Doublethinking Prostitution

War is Peace
Freedom is Slavery
Ignorance is Strength

It’s a scary thing when the meaning of words are deliberately changed to mess with your mind and keep you under control. In 1949 George Orwell published his ‘Nineteen Eighty-Four’, a novel on a fictional future in which the political party remains in power by public mind control. ‘Newspeak’ is a restricted language used to limit free thought (you can’t think what you don’t have words for). On the outside of the Ministry of Truth (the propaganda ministry responsible for the falsification of historical events) it says “war is peace, freedom is slavery, ignorance is strength”. The Ministry of Love handles torture, the Ministry of Peace is concerned with war and the Ministry of Plenty makes sure there’s a constant shortage of food and other necessities. A disciplined party-member uses ‘doublethink’ to hold these contradictory ideas. It defies common sense, and it’s easy to think ‘we’ would never fall for such nonsense. Read the book by the way, it’s awesome and terrifying.

But when it comes to prostitution, we see doublethink in action already. We have our own little ‘IngSoc’ slogans to control female sexuality and women’s agency over their own bodies, and it seems we’re all falling for this ridiculous Newspeak.

“Oppression is Liberation”

The sex-negative feminist movement, conservatives and well-meaning but misled people in power want us to believe they are somehow ‘liberating’ women by restricting their rights, telling them when they can and cannot have sex and punishing women when they’re not obedient. Men controlling female sexuality is nothing new, but oppression under the guise of female liberation is pretty offensive if you ask me.

Liberation means having the freedom to make your own choices. Having other people tell you you’re not allowed to have consensual sex, to decide for you what you can do with your body, is not liberation. It is oppression.

“Prosecution is Safety”

Well-meaning people lacking knowledge usually buy into the myth that prostitution is a very dangerous profession. We’re told about violent pimps (research shows pimps are very rare, but it’s popular fiction), we’re told about frequent rape (hanging out with a friend is more dangerous) and we’re told about STD’s (except for virgins, whores actually have the lowest STD rates). So to ‘protect’ women from these dangers, we…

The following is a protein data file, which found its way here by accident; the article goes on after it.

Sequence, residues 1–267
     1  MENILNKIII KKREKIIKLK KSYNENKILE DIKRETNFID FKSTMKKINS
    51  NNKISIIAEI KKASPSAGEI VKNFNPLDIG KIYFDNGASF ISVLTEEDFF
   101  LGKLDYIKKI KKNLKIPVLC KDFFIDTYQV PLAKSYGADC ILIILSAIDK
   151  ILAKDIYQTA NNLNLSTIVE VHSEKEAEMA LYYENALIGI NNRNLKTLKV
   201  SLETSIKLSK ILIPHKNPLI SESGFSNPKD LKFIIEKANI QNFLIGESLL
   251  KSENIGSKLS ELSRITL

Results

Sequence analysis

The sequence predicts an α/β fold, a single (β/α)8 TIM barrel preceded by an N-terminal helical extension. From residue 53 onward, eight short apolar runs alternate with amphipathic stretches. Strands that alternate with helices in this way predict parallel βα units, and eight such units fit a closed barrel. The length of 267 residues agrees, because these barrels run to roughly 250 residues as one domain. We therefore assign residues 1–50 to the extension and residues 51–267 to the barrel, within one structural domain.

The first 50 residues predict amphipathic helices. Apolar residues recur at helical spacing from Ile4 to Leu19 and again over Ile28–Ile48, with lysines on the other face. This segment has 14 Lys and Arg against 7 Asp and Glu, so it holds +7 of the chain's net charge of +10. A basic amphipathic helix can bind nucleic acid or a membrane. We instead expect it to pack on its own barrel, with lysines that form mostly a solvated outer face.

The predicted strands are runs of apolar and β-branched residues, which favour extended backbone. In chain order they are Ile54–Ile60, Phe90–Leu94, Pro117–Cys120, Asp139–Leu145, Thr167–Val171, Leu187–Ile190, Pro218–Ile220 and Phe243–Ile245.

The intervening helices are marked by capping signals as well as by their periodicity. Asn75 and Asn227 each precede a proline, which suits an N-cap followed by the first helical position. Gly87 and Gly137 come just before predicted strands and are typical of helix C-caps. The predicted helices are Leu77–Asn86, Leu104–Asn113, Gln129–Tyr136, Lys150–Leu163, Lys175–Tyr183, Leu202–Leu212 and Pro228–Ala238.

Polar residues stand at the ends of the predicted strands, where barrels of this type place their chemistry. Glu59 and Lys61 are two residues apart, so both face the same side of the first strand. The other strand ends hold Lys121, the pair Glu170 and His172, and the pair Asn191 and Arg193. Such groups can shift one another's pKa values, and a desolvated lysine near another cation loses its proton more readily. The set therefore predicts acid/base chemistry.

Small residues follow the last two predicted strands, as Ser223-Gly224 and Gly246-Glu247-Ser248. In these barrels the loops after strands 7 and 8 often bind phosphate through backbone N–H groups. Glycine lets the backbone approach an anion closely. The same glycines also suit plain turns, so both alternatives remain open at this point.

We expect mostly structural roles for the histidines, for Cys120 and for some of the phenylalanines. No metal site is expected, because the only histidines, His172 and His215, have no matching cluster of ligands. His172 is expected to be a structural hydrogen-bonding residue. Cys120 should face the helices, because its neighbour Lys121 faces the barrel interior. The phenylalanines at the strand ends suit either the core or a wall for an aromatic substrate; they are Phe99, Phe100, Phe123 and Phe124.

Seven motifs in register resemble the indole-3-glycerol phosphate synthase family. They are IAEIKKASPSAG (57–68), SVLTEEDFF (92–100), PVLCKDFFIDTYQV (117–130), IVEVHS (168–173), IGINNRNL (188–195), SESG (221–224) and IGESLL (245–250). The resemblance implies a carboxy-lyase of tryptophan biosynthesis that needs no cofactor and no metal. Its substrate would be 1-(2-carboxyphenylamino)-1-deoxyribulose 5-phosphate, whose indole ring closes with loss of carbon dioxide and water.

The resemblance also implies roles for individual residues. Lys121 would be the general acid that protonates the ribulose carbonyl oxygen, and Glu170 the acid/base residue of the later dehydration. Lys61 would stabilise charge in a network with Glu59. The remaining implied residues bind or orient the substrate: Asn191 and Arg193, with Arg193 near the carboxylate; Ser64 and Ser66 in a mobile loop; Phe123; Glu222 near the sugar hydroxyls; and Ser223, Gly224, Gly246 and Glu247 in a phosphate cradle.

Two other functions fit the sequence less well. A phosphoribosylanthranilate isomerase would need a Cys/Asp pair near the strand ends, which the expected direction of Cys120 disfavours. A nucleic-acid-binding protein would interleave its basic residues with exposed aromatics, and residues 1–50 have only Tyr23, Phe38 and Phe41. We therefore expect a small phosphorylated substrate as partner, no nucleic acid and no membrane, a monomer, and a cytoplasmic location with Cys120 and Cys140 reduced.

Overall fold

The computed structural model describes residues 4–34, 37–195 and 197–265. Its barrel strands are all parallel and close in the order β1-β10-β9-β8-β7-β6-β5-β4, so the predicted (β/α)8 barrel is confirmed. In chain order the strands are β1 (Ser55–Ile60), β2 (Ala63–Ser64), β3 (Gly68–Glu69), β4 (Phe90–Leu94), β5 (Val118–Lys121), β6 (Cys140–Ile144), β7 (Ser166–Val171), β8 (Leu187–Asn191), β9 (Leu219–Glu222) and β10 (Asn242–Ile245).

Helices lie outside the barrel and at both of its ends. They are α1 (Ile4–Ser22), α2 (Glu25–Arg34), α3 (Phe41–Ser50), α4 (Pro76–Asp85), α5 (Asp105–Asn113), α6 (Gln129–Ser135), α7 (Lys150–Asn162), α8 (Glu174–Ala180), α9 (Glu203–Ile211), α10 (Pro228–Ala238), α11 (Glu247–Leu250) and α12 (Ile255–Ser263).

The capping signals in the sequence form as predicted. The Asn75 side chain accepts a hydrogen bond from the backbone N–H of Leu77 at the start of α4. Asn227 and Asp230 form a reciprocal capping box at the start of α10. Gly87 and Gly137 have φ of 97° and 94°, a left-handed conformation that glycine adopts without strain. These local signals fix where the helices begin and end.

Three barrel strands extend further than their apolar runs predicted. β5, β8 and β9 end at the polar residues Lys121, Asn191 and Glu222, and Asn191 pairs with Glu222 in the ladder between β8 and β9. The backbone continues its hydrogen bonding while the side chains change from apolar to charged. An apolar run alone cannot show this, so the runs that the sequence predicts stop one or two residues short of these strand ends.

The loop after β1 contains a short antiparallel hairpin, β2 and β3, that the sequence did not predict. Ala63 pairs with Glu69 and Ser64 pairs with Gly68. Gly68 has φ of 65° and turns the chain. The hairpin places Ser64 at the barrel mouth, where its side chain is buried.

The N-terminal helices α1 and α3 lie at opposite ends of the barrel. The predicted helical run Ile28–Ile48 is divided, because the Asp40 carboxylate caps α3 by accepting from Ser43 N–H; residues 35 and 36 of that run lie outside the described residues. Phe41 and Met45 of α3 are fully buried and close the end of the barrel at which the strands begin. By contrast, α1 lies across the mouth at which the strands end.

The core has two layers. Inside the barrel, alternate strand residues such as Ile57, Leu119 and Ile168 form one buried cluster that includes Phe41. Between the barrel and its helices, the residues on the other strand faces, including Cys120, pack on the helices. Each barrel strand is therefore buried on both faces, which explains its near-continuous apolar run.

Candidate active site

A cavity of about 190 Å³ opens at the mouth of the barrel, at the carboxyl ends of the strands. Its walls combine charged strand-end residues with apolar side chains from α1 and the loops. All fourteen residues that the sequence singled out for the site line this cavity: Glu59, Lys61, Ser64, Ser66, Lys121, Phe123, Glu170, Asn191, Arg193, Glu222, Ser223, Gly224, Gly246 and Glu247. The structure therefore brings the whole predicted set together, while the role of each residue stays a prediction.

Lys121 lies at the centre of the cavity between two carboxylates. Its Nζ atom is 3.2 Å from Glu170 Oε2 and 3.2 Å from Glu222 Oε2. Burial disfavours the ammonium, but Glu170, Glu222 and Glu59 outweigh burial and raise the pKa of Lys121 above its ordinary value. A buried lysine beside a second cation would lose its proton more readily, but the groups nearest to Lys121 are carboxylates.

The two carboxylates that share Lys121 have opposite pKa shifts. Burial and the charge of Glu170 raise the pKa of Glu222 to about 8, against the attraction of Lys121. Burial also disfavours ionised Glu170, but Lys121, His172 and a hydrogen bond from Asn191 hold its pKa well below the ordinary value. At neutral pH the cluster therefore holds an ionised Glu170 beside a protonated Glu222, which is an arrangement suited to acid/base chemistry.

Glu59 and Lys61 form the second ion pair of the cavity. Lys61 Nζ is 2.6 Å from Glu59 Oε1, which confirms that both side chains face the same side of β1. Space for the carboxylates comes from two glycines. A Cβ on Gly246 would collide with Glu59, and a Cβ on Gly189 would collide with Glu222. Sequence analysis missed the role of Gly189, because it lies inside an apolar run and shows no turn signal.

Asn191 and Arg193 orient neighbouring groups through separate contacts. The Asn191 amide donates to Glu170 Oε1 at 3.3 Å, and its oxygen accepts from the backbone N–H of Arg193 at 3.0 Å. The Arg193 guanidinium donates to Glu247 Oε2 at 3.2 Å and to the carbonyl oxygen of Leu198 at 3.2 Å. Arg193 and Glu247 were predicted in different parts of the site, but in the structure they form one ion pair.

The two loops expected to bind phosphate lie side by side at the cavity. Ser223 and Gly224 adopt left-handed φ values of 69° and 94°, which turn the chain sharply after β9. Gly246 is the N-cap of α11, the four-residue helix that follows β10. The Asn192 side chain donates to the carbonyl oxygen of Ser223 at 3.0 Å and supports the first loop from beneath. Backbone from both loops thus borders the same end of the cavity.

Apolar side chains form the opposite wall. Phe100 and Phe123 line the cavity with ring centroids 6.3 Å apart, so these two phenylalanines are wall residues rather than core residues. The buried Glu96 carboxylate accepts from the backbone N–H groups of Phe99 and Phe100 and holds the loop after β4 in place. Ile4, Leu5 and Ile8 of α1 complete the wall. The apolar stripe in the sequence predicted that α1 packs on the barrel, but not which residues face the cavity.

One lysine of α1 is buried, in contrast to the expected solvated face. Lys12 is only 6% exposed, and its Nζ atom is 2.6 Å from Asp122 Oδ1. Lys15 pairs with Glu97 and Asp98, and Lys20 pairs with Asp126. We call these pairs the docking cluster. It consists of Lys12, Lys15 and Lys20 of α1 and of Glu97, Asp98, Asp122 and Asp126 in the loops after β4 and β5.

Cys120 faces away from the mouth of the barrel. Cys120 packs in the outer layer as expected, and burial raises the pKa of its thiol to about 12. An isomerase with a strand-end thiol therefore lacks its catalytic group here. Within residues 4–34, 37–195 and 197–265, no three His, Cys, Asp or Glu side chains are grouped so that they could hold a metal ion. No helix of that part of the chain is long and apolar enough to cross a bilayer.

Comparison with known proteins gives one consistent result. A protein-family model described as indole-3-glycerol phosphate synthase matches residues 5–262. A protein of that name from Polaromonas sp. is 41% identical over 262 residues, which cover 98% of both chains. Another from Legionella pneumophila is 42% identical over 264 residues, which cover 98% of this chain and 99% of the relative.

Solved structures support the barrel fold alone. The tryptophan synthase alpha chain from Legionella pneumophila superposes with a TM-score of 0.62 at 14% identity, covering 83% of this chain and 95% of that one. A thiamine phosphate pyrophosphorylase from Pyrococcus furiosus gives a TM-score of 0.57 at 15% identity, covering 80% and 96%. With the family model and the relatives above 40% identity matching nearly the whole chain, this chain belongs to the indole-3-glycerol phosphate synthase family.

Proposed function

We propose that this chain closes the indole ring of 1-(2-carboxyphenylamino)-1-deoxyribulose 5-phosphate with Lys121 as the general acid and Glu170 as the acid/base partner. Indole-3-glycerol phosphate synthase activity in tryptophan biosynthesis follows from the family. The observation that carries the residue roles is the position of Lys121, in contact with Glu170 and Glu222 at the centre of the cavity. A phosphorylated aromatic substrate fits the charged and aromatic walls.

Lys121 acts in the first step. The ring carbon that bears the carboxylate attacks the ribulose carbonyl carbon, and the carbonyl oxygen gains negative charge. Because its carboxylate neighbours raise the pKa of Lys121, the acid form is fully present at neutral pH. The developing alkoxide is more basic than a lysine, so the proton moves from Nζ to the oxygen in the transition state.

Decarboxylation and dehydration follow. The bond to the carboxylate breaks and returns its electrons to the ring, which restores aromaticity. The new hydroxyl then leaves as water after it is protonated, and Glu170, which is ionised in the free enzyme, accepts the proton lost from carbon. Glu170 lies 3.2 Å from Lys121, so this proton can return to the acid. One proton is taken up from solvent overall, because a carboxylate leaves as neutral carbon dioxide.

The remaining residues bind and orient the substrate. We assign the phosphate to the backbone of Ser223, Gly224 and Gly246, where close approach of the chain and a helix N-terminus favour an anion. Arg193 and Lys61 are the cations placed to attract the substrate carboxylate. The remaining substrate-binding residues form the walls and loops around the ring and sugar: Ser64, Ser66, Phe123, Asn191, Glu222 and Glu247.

.. eh, put them in prison.
Because that makes sense.

Prosecution actually increases the dangers of prostitution. It forces whores to go underground, work with shady people (because a regular accountant won’t work with you) and not get help when they’re in trouble for fear of, well, getting into trouble. With the police. And that’s some big trouble.

Violence is Protection

Prostitutes do encounter violence, and the number one source of violence is abuse by the police. Whores are degraded, attacked, sexually assaulted, locked up, humiliated and outed by police. There’s a nothing a whore has to fear as much as cops. But somehow the story gets twisted so that a pack of policemen forcefully entering a brothel where they grab women as they are providing their service and pulling them out into the streets to lock them up are considered heroes who protect women. Let that sink in for a moment.

“Punishment is Justice”

Women’s bodies used to be some of the most valuable possessions a man could have. Marriage was a transaction between two men, the one selling their daughter and the other buying a wife. A woman’s sexuality was guarded, because it was central to her worth and girls were damaging their daddy’s property if they didn’t obey the strict rules concerning sex. ‘Broken’ girls were punished, stoned, put in institutions or at least shunned. Only recently the definition of marriage has been redefined as a legal contract between a man and a woman. We now consider women to be their own person instead of a man’s possession.